Hall of Fame Inductees

See our latest inductees listed below! Click on any inductee's name to learn more.

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John J. Doyle, Jr. (Law/Government/Military)

1913 – 1995

John Doyle was a lifelong resident of Meriden, attended Meriden schools, graduated from Meriden High School and from the Connecticut State Police Academy. He was a member of the Connecticut State Police, retiring as a lieutenant after 27 years of service. During his career, Lt. Doyle was instrumental in introducing the polygraph machine as an investigative device for the Connecticut State Police.

He was involved in the investigation of nearly every major crime in Connecticut from 1935 to 1962. After the July 7, 1944 Hartford circus fire that killed 168 people, Doyle spent 7 months traveling with the circus to uncover the cause of the catastrophe. Doyle's reports helped make the case that sent eight circus administrators to jail for involuntary manslaughter and brought major changes to the state's fire code. Doyle also directed the investigation of the murders of a Meriden couple by Joseph “Mad Dog” Taborsky, the last man to be executed in Connecticut. In addition, Lt. Doyle helped protect dignitaries visiting in the state of Connecticut, including presidents Franklin D. Roosevelt, Harry S. Truman, Dwight D. Eisenhower and John F. Kennedy as well as the Reverend Martin Luther King, Adlai Stevenson and Chief Justice Earl Warren. He was devoted to the Connecticut State Police and worked to preserve the department's history and reputation.

Mr. Doyle was very active in the civic affairs in Meriden, especially the Lion's Club, the Elks, the Knights of Columbus and the Salvation Army.

Marjorie Cramton Tower (Performing Arts)

1900 – 1999

For some 70 years, violinist Marjorie C. Tower devoted her time, her musical talent and her abounding energy to performing and encouraging good music in Meriden. When she arrived in Meriden about 1923 as the bride of pediatrician Dr. Arthur A. Tower, she was a highly trained concert violinist, pupil of such renowned New York City teachers of the day such as Leopold Auer. She made it her mission to foster musical life here not only as a performer and teacher, but as an advocate through her weekly column, Cadenza, in the then Morning Record, and in her frequent concert reviews. It was in one of these columns that she proposed organizing a civic symphony, which became the Meriden Symphony. She helped find the musicians and then served as concertmistress for 19 years. It was also at her prompting that the Symphony started a yearly competition for young music students, which still continues, and one of the many prizes bears her name. Until her late 70s she taught a vigorous class of violin and viola students. She maintained many other interests: family, a large circle of friends, church activities, clubs for sociability and study. As editor of the Meriden Hospital Auxiliary's Smock Brigade, her newsletter won the accolade one year of best newsletter in New England hospitals. A native of northern Vermont, Mrs. Tower wholeheartedly adopted Meriden as her home and expended her love and efforts here.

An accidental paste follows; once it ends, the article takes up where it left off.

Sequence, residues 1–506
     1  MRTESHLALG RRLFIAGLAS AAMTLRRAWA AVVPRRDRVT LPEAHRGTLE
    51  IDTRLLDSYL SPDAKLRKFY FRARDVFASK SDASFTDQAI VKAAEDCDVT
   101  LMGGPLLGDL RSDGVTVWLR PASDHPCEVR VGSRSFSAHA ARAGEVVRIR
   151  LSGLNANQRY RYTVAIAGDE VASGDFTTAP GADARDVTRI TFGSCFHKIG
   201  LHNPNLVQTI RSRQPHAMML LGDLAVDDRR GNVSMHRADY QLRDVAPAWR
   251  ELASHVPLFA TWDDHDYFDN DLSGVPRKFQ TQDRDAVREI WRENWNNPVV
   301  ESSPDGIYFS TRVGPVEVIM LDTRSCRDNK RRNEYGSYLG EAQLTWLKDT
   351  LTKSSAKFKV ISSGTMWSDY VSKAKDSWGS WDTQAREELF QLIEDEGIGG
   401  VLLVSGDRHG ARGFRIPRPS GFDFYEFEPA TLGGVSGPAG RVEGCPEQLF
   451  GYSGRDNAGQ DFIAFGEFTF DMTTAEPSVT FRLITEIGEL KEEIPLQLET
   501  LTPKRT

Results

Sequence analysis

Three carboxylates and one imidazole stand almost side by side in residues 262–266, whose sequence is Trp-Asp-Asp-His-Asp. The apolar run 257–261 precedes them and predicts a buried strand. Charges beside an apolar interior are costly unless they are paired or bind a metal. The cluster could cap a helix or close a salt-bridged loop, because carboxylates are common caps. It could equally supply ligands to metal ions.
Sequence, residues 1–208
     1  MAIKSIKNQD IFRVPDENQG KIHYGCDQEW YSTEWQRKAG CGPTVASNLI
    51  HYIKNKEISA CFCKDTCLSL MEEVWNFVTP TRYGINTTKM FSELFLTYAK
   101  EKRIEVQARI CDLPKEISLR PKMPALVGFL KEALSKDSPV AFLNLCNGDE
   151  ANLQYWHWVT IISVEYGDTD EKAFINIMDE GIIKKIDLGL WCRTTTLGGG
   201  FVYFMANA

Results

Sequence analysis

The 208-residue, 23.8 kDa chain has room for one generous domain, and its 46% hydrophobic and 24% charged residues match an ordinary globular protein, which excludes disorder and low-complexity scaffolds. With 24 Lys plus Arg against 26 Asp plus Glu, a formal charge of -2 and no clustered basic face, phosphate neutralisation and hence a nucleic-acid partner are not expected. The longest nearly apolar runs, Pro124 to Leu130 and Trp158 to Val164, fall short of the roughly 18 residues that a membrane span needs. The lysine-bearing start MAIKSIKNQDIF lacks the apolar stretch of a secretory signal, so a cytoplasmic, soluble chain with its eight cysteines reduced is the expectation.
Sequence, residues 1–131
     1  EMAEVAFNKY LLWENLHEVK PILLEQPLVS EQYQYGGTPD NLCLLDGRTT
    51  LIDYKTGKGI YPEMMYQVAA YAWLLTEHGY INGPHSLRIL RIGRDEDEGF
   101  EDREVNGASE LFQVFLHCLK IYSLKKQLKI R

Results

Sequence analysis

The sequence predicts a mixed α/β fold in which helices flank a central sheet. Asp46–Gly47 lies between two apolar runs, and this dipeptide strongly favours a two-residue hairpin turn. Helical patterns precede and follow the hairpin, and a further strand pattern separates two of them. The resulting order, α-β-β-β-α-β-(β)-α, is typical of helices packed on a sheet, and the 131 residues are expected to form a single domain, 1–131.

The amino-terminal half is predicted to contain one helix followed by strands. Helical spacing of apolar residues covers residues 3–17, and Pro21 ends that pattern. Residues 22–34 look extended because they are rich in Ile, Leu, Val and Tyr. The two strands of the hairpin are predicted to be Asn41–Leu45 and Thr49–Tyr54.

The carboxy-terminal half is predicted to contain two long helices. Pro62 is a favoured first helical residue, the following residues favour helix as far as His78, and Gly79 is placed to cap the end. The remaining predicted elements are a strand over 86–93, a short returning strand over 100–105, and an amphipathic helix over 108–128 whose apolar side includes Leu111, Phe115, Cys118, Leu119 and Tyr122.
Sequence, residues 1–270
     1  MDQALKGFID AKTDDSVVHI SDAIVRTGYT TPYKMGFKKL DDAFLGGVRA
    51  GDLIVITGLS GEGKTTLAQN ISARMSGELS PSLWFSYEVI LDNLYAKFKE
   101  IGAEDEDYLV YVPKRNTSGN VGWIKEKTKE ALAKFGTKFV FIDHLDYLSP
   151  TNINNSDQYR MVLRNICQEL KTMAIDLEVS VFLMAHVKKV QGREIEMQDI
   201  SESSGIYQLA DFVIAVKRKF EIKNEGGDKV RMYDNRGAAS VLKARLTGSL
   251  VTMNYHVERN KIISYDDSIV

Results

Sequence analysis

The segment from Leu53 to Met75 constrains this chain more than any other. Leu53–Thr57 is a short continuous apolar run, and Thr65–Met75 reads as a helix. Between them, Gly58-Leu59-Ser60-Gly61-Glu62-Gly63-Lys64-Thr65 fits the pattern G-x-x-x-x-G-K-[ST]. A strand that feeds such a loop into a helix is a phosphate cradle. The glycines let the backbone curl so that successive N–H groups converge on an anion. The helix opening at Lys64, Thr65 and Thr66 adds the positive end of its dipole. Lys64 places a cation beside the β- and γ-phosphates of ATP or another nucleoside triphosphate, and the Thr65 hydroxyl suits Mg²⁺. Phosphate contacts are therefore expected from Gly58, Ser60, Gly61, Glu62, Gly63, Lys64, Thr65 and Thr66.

Now 98 years old, Mrs. Tower still reads the paper, remembers her friends, musical and non-musical, and remembers her years as a Meriden musical activist.

Raymond Mase (Art)

1951 –

Born in Meriden and educated in local schools, Raymond Mase, a 1969 graduate of Platt High School, is a world-renowned trumpeter. His first music teacher was his father, James Mase. His musical talents were evident at a very young age and there was no doubt that he was destined to attain international fame. His prodigious talent and international acclaim have brought credit to his hometown of Meriden.